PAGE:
Diva Creative


8 copywriting clangers to avoid

May 2017
8 copywriting clangers to avoid
Mike Laskey
18th May 2017

Not the most confident writer? You’re not alone.

For every self-perceived Shakespeare, there are many more self-critical marketers convinced they can’t string a sentence together.

Yet the vast majority actually can write persuasive, concise copy when they clear their doubt and put their mind to it. 

The best advice is normally to stay calm, have faith and give it a go. After all, you can always edit or rewrite your work once you’ve filled that intimidating blank page with a few initial lines.

But just as helpful as advice on what to do are tips on what not to do – so we’ve compiled a list of eight pointers to help you steer clear of some common copywriting pitfalls.

1. Being afraid to write in the first place

Yep, you guessed it. The biggest and most frequent mistake people make is letting fear prevent them from putting pen to paper.

You may not have an A* in English or tons of writing experience, but you’ll never improve if you never challenge yourself. 

Get out of your comfort zone and remember that your first draft is exactly that – a first draft!

A copywriter working on a blank page

What’s more, not every piece of writing needs to be a work of art…

2. Trying to be too clever

While the most memorable ads may be witty puns or pithy putdowns, that’s not to say that all marketing copy should be ‘clever’. 

It’s all about having the desired impact – selling a product, influencing a behaviour change or raising awareness of a big issue – so being simple and direct can sometimes be more effective. 

As the legendary David Ogilvy once said: “What is a good advertisement? An advertisement which pleases you because of its style, or an advertisement which sells the most?”

David Ogilvy

You should also resist the temptation of overusing the thesaurus; the only thing worse than forced, unfunny wordplay in ads is grandiose verbosity where plain English will do.

3. Burying your key points

Although you wouldn’t expect a brand to forget to mention its biggest selling point until the bottom of the page, many press releases and websites only get to their main message two-thirds of the way through. 

With journalists’ skimming emails for immediate newsworthiness and audiences’ attention spans on the decline, that can mean the difference between media coverage or sales and getting no attention at all.

Always read back your first draft and check you’ve not accidentally hidden your strongest sell too late on. 

Likewise, try to avoid…

4. Including minor details early on

This is another trap that’s all too easy to fall into.

Imagine you’re describing a shiny new product that’s the first of its kind ever made. Sure, it may be sensible to refer to the manufacturer’s relevant previous creations to provide detail and context.

But ramble through a list in the first or second paragraph and you’re merely introducing padding that distracts the reader from the impressive, noteworthy main topic – the new product.

An example of a well-structured article or press release

Read the initial sections of your copy and delete or relegate anything that makes you say ‘meh’. Be brutal!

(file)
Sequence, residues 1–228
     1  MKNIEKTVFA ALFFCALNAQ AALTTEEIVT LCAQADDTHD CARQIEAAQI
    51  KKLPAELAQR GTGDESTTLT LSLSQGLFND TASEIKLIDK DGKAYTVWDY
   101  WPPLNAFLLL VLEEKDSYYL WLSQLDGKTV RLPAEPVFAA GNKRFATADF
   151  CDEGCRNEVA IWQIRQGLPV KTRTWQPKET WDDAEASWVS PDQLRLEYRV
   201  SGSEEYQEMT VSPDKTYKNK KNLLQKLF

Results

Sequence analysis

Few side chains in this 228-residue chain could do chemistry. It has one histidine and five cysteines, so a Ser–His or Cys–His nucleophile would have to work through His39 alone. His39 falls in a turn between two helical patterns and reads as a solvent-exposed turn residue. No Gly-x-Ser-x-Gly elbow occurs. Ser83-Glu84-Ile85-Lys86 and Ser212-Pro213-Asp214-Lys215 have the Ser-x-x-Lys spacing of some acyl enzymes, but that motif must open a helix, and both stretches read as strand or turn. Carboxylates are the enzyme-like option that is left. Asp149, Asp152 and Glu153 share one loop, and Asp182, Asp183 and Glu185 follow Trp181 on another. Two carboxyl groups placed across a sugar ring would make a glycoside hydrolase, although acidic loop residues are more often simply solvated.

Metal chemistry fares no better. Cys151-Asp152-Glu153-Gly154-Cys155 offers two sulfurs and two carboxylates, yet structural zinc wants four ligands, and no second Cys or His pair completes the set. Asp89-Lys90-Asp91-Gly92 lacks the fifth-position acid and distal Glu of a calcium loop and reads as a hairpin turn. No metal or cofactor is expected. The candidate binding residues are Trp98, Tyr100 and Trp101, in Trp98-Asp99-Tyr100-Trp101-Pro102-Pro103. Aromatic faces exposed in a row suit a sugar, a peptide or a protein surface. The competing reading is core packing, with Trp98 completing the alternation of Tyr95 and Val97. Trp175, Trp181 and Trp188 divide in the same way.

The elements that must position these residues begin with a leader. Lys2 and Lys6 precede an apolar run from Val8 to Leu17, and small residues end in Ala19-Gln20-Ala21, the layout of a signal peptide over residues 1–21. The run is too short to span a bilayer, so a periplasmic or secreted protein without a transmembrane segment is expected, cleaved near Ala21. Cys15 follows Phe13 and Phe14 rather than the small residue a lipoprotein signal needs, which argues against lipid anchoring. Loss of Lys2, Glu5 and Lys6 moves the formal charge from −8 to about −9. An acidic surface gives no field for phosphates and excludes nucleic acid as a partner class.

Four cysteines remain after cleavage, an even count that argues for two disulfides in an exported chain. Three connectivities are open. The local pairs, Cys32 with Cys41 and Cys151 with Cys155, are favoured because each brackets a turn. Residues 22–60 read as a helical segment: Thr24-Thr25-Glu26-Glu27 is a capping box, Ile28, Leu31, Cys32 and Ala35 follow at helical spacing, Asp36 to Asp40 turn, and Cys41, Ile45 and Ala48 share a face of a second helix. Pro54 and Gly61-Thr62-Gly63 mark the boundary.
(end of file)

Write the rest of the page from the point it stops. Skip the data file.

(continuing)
5. Sticking to ‘the rules’

“Sentences must never end with a preposition.”

“And they should never start with conjunctions like ‘and’, either.”

You may have been taught rules like this at school, but they are totally old hat. It also doesn’t take a rocket surgeon to figure out they can lead to some clunky phrasing, so just use your common sense to avoid blindly making your copy hard to follow. 

Outdated grammar rules on a blackboard

Of course, don’t ignore all grammatical convention – no-one will take you or your work seriously if it’s full of glaring errors…

6. Not proofing your work

Whether you’ve been in the writing game for minutes or months, you will make mistakes.

Typos, empty spaces, repeated words… they can all be easy to miss in the age of automatic spellchecks and tighter-than-ever deadlines. 

It’s always crucial to give your copy a thorough check before it gets sent to print or put live. 

A typo on a TV advert for video game Battlefield 1

Ask an outsider to read it over, too – there’s a good chance they’ll spot something you’ve overlooked after hours of staring at the page.

7. Big blocks of text

Research shows that we skim online content, our eyes drawn to specific areas of the screen while our brains search for what we need to know in as little time as possible. 

Long, chunky paragraphs spread over several lines can make the reader switch off halfway through.

Extra-short ones, on the other hand, can help a point stand out. 

Like this.

Remember to consider the layout of your copy and how best to present text on the platform you’re writing for. 

8. Using meaningless words

Words are wonderful, and English has more of them than any other major language. 

That said, there’s a time and a place for certain entries in the dictionary.

Take press releases as an example. Plenty suffer from stock phrases like ‘going forward’, cliches like ‘to the next level’ or unclear verbs like ‘utilise’ that add either ambiguity or nothing of value.

If a word isn’t working hard enough in a sentence, get rid of it or switch it for another that will actually make an impact. You’ll find your word count decreases, giving you more room to introduce new points.

So there you have it – our eight copywriting clangers to avoid. 

Next time you’re drafting something, bear these points in mind and let us know if they help by tweeting @divacreative.

By Mike Laskey